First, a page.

"What do you mean?"

    "As you say, we don't know each other, but you don't strike me as a person who has grown accustomed to being in second place, or as a runner up."

    "Second place? No! Not hardly."

    "Well, stop and think about it. You've developed a reputation at school as being a bit of a snob and it---"

    "What? I'm not a snob! Who says that?"

    "It doesn't matter. Perception is reality to a lot of people. Guys talk. The consensus is out there: you're hard to talk to and you don't cut anybody any slack--but Hey! I don't believe it, or else, why would I be calling you for a date? I'm shy. I'm not anxious to have my head handed to me by some snobby girl--am I? No."

    "That's ridiculous, calling me a snob. That makes me very angry."

    "Don't shoot the messenger. I'm giving you 'head's up' and that's all there is to it. If you'd like to have moral support on Friday, I'll be there right beside you. If you don't, that's okay too. It's your choice."


    "Oh--you know what--if you can keep a secret, I'll tell you whose idea this Straw Poll is, but you have to promise not to divulge who told you. Not ever."

    "Okay. Yes, tell me!"



    "It's your brother, Jay. You know him better than I do. He seems to enjoy stirring the pot. For example; recently our first black family moved into my neighborhood. I've become friends. Your brother Jay has been telling everybody in school something hateful. He calls me a "Ni**er Lover." I don't appreciate it. He likes to turn people against each other. I guess it all starts at home, eh?"

    "I don't want to talk about this. He's a little shit. I'm going to have his guts for garters."

    "I don't blame you. So listen up. I'll be at the Carnival on Friday. If you see me there and you want to hang-out, that'll be great. If not, well--it's been nice talking to you. Good Luck with the Straw Poll."

    (End scene.)


    I didn't run into Terry rich at the Carnival. The scuttlebutt was that she had left early after the Straw Poll results had been announced. Esther Wenger won by a landslide. Terry Rich had made too many enemies with the same mean spirit her brother Jay used to make enemies for life.

    My phone conversation with that girl lingers in my memory for two reasons.
    First of all, I took the initiative. I drove the topic. I kept her off balance, and I didn't feel nervous. All of this from a shy kid with no life experience.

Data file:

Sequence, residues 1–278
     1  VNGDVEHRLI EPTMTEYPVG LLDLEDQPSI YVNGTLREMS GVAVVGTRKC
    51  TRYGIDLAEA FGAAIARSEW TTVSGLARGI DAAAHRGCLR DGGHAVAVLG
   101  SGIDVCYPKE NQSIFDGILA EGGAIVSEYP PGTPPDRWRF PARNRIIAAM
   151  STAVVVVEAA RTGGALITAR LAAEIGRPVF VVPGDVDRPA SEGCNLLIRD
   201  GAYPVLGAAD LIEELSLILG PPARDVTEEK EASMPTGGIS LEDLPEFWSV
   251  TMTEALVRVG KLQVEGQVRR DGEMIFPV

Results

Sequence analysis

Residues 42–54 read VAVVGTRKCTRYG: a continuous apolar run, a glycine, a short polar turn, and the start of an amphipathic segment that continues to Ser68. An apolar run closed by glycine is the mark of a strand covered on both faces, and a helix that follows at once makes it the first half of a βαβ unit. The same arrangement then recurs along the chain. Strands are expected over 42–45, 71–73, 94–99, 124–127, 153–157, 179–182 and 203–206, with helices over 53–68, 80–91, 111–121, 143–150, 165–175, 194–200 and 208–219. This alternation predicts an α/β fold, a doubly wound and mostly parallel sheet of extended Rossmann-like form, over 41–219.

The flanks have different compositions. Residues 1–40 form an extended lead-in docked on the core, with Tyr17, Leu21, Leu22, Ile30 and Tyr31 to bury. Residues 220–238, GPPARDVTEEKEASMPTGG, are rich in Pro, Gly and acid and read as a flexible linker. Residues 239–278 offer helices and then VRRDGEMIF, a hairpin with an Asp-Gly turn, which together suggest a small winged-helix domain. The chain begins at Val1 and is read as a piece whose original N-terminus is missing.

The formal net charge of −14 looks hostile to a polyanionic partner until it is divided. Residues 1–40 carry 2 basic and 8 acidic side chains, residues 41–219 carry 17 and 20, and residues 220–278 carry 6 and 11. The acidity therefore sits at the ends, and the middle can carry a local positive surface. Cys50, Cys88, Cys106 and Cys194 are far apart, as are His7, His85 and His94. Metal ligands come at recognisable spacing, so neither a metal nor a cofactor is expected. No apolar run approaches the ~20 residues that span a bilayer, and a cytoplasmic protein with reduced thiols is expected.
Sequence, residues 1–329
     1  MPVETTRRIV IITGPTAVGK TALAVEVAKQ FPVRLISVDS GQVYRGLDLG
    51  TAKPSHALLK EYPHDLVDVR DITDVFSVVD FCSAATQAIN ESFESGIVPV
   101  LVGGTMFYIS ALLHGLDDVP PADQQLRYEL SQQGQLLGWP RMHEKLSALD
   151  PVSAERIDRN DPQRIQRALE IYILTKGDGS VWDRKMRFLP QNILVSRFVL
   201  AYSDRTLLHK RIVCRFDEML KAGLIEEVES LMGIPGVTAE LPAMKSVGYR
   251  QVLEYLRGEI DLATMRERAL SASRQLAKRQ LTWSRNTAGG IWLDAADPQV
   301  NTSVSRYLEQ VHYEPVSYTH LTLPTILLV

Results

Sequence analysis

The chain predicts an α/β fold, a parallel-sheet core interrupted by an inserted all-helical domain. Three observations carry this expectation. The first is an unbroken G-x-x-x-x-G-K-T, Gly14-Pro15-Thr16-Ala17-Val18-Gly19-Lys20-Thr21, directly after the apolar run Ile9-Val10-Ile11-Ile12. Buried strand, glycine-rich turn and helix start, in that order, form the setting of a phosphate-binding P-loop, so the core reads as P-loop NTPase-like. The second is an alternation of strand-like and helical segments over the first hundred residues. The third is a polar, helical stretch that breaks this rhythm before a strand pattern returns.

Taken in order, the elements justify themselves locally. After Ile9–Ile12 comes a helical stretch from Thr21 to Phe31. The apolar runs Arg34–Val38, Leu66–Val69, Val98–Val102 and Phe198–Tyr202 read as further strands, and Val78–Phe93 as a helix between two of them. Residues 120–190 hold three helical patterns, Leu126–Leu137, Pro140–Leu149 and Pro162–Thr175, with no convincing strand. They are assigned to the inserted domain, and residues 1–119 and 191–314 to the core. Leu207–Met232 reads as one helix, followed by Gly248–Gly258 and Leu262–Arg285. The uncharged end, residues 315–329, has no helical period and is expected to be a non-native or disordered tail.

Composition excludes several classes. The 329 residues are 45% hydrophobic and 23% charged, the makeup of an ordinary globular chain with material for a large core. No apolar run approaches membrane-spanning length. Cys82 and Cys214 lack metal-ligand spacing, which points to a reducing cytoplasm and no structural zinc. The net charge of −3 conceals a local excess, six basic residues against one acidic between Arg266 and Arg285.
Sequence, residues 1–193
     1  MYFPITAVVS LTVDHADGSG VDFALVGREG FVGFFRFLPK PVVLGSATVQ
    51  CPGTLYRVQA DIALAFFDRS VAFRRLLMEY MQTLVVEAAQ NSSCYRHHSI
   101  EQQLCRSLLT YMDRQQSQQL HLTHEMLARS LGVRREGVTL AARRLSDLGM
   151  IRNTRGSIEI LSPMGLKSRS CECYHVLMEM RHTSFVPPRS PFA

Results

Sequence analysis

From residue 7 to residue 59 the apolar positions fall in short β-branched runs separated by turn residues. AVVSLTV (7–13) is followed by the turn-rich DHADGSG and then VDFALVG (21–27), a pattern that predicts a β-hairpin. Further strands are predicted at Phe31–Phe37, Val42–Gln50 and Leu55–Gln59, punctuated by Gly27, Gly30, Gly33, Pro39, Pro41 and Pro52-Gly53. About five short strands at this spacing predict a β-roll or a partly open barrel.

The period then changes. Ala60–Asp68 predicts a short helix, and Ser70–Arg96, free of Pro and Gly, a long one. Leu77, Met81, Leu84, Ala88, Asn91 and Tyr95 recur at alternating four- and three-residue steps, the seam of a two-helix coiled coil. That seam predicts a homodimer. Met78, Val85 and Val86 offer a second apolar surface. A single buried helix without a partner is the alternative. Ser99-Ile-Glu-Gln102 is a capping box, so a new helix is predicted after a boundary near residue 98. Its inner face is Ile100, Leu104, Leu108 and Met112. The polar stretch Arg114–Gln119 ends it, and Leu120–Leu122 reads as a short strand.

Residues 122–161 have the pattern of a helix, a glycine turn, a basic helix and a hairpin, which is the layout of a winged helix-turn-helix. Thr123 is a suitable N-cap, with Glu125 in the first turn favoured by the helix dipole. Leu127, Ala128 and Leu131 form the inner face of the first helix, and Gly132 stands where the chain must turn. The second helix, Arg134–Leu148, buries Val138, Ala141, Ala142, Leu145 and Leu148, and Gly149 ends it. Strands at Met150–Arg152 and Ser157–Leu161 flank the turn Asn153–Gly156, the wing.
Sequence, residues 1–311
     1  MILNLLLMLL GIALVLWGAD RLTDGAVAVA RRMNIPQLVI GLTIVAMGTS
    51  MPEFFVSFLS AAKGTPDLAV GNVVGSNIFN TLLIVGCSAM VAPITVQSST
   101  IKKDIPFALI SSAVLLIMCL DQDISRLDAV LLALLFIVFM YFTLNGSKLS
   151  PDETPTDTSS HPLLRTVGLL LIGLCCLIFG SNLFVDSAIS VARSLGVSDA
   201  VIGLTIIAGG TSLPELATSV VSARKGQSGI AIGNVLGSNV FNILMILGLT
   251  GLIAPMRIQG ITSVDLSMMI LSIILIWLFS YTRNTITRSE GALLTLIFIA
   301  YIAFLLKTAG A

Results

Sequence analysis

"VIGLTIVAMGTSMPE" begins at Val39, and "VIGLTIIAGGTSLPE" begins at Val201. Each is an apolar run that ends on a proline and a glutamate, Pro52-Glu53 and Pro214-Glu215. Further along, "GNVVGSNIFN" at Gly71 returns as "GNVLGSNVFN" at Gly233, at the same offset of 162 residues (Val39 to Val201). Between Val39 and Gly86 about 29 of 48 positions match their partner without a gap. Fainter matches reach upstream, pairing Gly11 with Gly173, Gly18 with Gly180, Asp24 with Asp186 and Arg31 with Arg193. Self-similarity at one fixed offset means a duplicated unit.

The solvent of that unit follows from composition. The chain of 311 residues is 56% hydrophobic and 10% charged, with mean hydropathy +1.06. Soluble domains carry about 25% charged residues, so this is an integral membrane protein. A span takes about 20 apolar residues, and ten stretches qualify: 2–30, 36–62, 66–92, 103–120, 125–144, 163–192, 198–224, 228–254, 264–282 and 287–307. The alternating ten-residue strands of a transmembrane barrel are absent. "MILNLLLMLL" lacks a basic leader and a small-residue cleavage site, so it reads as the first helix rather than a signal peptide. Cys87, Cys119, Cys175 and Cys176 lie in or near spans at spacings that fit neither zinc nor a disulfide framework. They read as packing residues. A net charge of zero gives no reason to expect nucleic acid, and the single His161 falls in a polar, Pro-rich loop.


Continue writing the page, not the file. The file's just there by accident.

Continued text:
Second, I had set myself up to fail. There was no way Terry Rich was going out on a date with me. No way. I was proving to myself I was not afraid to fail or prove myself equal to the task of enduring her sharp tongue.

    I felt badly for days.
    I couldn't get a handle on why I was so depressed. Only many years later did it become clear. The depressing part of this puppy love for Terry Rich came down to one thing: I CHOSE BADLY.

    I was attracted to misfortune, failure, misery, conflict--but for a purpose!
    I was determined to rise above it--crack the code--win the day, and turn lemons into lemonade.



    ON THE REBOUND (Floyd Cramer)


    Floyd Cramer was a Nashville piano player. He developed a quirky style with
    originality in his music compositions and performance.

    Floyd brought originality to his music AND becoming the world-famous originator of the NASHVILLE SOUND.

    ON THE REBOUND is perhaps my favorite piece of music from the early 60's.

  • TheWonderofYou
    I will read your story next time online.
  • Terry

    I will read your story next time online.

    Um, uhhh, okay. Say what?

  • Beth Sarim
    Beth Sarim
    Thanks for the story!!
  • Terry
    Most welcome!
  • TheWonderofYou

    Flloyd Cramer live https://www.youtube.com/watch?v=VMd5-YAD8Bo

    Chrismas Medly https://www.youtube.com/watch?v=RgRiV_jULgU

    In the beginning i was confused about why your No. 1 was named "Terry" as you. I learned many new english words while reading your story and only after i was able to differ between Terry and Tuesday Weld I began to understand your story. I used my online english dictonary more than once and finally slowly immerged into your story. How you liked her and how you tried and how you defend her first place even today.

    In my opininon it was not a bad choice that you chose her out but she rather was a the gift that made you understand something.

  • Cangie
    I appreciate you sharing your stories of love and heartache. My Momma must have been your Momma's sister, and reading your history helps me to make sense out of some of my prior choices---I'm a recovering Codependent, too.
  • Terry

    Knowing my readers have gone to the trouble of really getting inside to understand is quite humbling for me.

    Thank you so much.

    I just uploaded another story of family history called, THE MAN WHO HUNG THE MOON.

  • MightyV8

    I will read your story next time online.

    Um, uhhh, okay. Say what?


    Oh man, that just cracked me up lucky I didn't have a coffee in my hand!

    I must have missed this story another well-presented piece.

    As a shy youth, you tactfully controlled the entire phone conversation. That takes balls!

    The ONLY phone conversation with a girl (jw) for me was asking her out to the movies in a group. She excitingly asks "which movie?!"

    Followed immediately by a booming "NO GIRL YOU ARE NOT GOING ANYWHERE!!"

    In the background.

    welcome to my world :)


  • Pistoff

    Tuesday Weld and Jean Seberg.

    Nice time period reference.

    Am I the only other one who knows who those women are?